Very useful information. I have never used neem oil but have been using raw neem leaves since I was a child, back in Pakistan. Rubbing neem leaves on neck, face and hands keeps one safe from insects, specially during hunting and fishing trips which I am very fond of. If one sits under a neem tree, there would hardly be any mosquito bite. Taking a bath with water boiled with neem leaves is excellent for all kind of skin diseases. Eating neem fruit (very bitter) is a time tested remedy against many diseases. But this all is use of fresh neem leaves / fruit. I have no idea about the characteristics of neem oil that you guys are talking about.
Has anyone tried boiling neem leaves in water and spraying it on affected plants? I have been doing that with good success and with no harmful effects to other wild life in the garden but no more as I haven't come across any neem tree in Canada.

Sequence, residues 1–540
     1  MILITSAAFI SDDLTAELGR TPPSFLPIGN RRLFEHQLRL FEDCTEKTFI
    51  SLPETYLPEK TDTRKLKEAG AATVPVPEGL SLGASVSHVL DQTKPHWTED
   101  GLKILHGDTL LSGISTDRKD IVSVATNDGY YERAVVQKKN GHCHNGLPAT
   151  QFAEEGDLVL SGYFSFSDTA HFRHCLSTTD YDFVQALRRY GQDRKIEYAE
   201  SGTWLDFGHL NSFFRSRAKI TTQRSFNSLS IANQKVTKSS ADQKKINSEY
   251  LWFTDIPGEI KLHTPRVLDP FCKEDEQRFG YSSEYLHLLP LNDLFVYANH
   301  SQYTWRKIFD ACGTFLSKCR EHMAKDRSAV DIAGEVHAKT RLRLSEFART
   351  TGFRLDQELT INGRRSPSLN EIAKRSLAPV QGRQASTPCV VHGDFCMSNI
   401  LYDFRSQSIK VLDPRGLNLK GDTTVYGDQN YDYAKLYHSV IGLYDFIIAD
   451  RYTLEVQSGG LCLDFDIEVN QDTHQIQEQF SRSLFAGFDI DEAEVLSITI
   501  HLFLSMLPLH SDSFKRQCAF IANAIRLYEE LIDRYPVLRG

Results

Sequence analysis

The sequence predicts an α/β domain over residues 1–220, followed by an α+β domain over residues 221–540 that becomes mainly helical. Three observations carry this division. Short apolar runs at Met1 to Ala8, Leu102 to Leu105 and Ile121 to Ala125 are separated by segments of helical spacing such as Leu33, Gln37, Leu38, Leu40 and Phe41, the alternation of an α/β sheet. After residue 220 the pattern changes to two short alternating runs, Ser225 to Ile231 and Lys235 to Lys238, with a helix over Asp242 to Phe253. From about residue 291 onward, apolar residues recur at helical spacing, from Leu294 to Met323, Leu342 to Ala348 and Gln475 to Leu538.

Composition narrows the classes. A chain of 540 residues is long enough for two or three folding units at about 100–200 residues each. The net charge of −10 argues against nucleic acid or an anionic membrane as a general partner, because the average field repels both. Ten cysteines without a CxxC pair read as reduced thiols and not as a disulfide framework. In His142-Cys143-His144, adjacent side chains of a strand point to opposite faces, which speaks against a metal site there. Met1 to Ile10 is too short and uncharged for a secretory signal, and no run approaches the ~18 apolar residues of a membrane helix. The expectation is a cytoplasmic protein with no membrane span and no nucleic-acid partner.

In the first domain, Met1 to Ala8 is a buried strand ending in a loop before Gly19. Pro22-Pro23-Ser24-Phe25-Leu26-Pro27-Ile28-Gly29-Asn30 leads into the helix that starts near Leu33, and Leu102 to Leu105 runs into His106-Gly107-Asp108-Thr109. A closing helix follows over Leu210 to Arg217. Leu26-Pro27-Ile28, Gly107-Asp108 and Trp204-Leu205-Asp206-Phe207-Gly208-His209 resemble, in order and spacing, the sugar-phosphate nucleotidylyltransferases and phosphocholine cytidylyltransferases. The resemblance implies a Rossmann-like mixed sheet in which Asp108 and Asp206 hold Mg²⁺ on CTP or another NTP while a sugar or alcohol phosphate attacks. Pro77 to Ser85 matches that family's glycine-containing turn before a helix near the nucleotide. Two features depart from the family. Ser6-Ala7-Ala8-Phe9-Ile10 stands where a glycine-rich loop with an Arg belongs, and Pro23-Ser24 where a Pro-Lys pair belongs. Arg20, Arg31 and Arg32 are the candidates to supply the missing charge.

Hi Don: Thank you for an excellent question, I wonder the same. In rainy spring I had Gruss an Teplitz rose in the shade, it was infested with aphids despite the granular gypsum (calcium sulfate) in the pot.
Hi Khalid (RoserianPK): Thank you for that info. about Neem. That's very interesting! I appreciate your input both from your hot climate of Pakistan, and your recent relocation to Canada.
Later I found that gypsum from Menards doesn't dissolve, and gunk up after months. I have Sharifa Asma in partial shade, it's infested with aphid. I gave it soluble gypsum bought for $8 for 5 lbs. from Kelp4Less (free shipping) ... Instant result: thicker stems and leaves, and no more aphids.
Gypsum contains 17% sulfur, great for my pH 8 tap water and pH 7.7 clay, but not good for those with acidic soil and neutral tap water. As the pH drops, less potassium and calcium available for plants.
I accidentally induced aphids on Christopher Marlowe when I gave it too much sulfur, leaves became thinner, stems became less rigid, and more succulent for aphids to chew.